“And this was because of a… disease?” I had never heard of something like this.
“Yes… a disease that causes your blood to clot rapidly. However we never found out what caused the hallucinations.”
I stood there for a minute longer before bending down to pick up the basket. I wasn’t sure of what to make of this conversation or really how to handle the information I had just received.
The air had gotten significantly colder in the five minutes I had been there and it seemed as if William was waiting for my departure. I took a step back and looked at him.
“Well, I am very sorry for your loss…” I wasn’t sure of what else to say.
“Thank you, Miss Clark.”
I turned around to head to my house but something felt off. I turned back to face William and caught his attention before he had shut the door.
“Did he ever mention me? Did he ever talk about the girl with the cupcakes?” I figured there was some sort of chance he knew me, even though, at this point, I wasn’t sure how.
His face fell white, as if I had said something that sparked an awful memory.
“Stay right there, I have something for you…” He went inside and closed the door behind him. I stood there on his lawn, holding my basket of cupcakes.
It felt like forever before the door finally opened. He only opened it part of the way and stood there. I decided that was my invitation to walk back onto the porch.
He handed me a book with a drawing on the cover. It was a drawing of a red-headed girl who was holding a basket of cupcakes. The weird part was, the girl looked just like me.
“I don’t understand,” I said, setting down the basket and taking the book into my hands.
“He wrote about you, my great grandfather. I don’t know how I didn’t realize until now. In his last few years, he told us of this girl, the girl with the cupcakes. He wrote about how you reminded him of his wife. You brought him cupcakes, you saw him almost daily… I don’t know how I missed the connection., it’s been so long.”
I looked at the book and flipped through it. There were pages and pages of writing and drawings. I looked up at William, more confused that I had ever been.
“That’s not possible. If he died 10 years ago, he wouldn’t have ever met me. I just moved here two years ago, this can’t be about me.”
“He said you always brought him lemon poppyseed cupcakes, his wife’s favorite… What kind of cupcakes are in your basket?” I looked down at the basket and then back at William. I felt sick.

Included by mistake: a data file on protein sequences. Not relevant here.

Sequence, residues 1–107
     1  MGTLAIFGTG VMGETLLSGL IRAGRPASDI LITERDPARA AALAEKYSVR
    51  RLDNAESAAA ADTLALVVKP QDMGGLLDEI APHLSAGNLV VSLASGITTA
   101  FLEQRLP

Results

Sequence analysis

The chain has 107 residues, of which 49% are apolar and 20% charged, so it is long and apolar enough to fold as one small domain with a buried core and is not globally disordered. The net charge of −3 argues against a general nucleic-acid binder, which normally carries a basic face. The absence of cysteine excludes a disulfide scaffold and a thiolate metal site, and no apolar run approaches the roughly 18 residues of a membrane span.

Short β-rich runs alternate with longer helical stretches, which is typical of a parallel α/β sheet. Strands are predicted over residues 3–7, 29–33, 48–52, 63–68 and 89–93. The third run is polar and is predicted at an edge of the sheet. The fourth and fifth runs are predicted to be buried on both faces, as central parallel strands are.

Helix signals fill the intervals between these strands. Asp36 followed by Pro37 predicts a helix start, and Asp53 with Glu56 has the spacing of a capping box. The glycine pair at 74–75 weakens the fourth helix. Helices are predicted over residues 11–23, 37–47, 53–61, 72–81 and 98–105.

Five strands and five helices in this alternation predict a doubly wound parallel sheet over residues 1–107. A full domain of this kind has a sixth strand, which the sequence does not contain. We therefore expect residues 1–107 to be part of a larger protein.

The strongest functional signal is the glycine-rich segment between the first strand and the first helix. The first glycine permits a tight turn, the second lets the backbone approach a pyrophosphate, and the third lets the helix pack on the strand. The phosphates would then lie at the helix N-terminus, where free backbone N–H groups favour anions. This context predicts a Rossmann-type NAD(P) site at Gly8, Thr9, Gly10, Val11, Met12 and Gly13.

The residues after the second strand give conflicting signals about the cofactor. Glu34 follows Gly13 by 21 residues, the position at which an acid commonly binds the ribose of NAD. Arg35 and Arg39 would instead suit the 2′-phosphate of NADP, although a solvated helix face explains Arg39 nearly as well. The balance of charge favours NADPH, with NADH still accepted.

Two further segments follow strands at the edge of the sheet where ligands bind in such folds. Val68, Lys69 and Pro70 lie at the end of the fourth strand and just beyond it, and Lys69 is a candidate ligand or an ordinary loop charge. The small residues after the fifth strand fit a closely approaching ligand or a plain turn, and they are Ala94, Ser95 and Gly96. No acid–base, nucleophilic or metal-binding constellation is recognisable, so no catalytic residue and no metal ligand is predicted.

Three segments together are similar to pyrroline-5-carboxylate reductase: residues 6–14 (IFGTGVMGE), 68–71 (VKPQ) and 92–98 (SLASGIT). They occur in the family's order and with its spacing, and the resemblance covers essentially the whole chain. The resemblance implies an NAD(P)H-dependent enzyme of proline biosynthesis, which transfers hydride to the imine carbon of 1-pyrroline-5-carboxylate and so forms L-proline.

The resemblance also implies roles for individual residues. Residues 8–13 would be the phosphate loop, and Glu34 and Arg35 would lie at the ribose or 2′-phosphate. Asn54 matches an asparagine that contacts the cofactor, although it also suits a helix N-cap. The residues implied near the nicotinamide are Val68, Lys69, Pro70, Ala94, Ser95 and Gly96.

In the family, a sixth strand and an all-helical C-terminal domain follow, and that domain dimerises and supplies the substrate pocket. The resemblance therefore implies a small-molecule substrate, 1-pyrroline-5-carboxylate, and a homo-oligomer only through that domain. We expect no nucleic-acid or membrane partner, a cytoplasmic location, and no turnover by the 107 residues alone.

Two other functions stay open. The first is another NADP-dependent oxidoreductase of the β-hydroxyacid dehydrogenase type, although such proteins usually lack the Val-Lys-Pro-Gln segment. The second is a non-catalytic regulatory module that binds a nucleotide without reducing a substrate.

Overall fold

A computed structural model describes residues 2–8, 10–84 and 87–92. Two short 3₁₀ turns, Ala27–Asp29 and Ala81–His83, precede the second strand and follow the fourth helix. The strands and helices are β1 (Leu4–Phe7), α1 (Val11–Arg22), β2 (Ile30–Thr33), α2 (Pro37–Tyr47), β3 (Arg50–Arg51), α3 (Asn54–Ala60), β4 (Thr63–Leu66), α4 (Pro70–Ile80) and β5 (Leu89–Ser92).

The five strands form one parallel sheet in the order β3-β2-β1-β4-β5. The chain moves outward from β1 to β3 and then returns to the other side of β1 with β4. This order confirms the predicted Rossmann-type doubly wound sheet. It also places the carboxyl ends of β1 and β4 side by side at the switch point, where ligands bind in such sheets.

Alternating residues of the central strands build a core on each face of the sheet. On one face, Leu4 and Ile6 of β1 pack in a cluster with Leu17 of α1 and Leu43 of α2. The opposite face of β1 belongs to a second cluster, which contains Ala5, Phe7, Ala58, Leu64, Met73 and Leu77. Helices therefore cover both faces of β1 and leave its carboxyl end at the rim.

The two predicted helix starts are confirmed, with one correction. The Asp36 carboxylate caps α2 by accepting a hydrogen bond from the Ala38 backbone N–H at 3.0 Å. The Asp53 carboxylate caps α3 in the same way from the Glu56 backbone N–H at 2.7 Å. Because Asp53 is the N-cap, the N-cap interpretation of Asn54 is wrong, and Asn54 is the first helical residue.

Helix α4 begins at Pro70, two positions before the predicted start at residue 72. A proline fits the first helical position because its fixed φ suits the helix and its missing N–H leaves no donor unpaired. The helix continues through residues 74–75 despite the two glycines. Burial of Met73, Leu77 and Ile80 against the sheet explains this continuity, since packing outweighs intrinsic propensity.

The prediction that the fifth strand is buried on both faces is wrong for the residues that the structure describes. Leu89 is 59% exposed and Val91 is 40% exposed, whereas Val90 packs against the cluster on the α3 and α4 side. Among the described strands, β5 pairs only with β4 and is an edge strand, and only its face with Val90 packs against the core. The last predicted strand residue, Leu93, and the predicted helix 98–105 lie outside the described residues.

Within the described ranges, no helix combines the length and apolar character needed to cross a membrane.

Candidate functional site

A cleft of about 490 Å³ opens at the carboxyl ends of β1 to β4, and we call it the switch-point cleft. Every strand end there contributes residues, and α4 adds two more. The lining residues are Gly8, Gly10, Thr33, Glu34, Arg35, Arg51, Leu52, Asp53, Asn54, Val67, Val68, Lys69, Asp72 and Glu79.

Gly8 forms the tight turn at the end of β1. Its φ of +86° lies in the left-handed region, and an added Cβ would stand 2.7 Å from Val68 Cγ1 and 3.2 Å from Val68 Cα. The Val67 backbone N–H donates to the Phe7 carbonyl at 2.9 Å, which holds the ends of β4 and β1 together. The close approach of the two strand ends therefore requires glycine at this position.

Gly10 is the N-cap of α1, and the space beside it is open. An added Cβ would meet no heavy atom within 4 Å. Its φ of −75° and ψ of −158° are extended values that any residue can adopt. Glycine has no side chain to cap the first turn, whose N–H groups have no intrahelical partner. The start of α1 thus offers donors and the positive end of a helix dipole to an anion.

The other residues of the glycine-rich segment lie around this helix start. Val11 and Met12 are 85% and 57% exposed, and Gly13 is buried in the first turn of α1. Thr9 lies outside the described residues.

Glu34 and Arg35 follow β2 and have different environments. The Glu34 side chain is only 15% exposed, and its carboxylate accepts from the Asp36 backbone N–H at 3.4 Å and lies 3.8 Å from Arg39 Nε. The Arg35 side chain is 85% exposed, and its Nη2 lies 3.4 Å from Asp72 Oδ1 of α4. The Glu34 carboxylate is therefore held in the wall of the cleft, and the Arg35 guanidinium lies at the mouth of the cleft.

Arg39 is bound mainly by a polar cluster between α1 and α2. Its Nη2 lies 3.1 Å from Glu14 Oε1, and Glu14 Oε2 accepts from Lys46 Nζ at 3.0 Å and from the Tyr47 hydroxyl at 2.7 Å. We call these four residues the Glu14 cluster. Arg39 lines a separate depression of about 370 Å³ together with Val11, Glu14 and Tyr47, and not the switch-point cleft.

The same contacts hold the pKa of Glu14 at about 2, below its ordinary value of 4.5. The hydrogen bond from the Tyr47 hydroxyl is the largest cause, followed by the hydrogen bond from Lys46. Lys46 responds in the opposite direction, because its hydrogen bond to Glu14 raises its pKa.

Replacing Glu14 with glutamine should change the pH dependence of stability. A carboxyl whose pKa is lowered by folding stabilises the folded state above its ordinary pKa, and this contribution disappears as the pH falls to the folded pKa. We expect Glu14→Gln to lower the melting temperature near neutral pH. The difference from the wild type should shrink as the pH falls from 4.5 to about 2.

“Lemon poppyseed… I make them every couple of weeks. But how -“ William cut me off.
“The last page, it never made sense until now. He said you would pay him one last visit. We never knew what that meant, but didn’t worry too much about it.”
I flipped to the last page, afraid of what I might read.
My sweet Rebecca,
Nothing is more difficult than accepting your own mortality. It seems as if my time here is coming to an end. Nobody understands me anymore. I haven’t seen you in a while. I miss your cupcakes and your daily visits while you went on your run. What happened? Did they tell you? Did they tell you about the monsters that follow me? They keep telling me to go, but I pray to see you one last time. You promised to visit me one last time.
It is getting harder to resist, oh how I hope you will come bid me farewell. I have a feeling you will eventually understand the way that I do. For once I am gone, the monsters will need a new friend to follow.
I had a dream just last night, you joined me. The monsters had gotten you. You looked younger than I remember. You looked like my wife, young and sweet…
Avoid them at all costs. Whatever you do, do not give in. My sweet Rebecca, run. Run for your life.
You are next.
I felt a lump form in my throat. I looked up and William was gone.
I felt a cold breath on the back of my neck as Mr. Johnson’s words repeated in my head: you are next.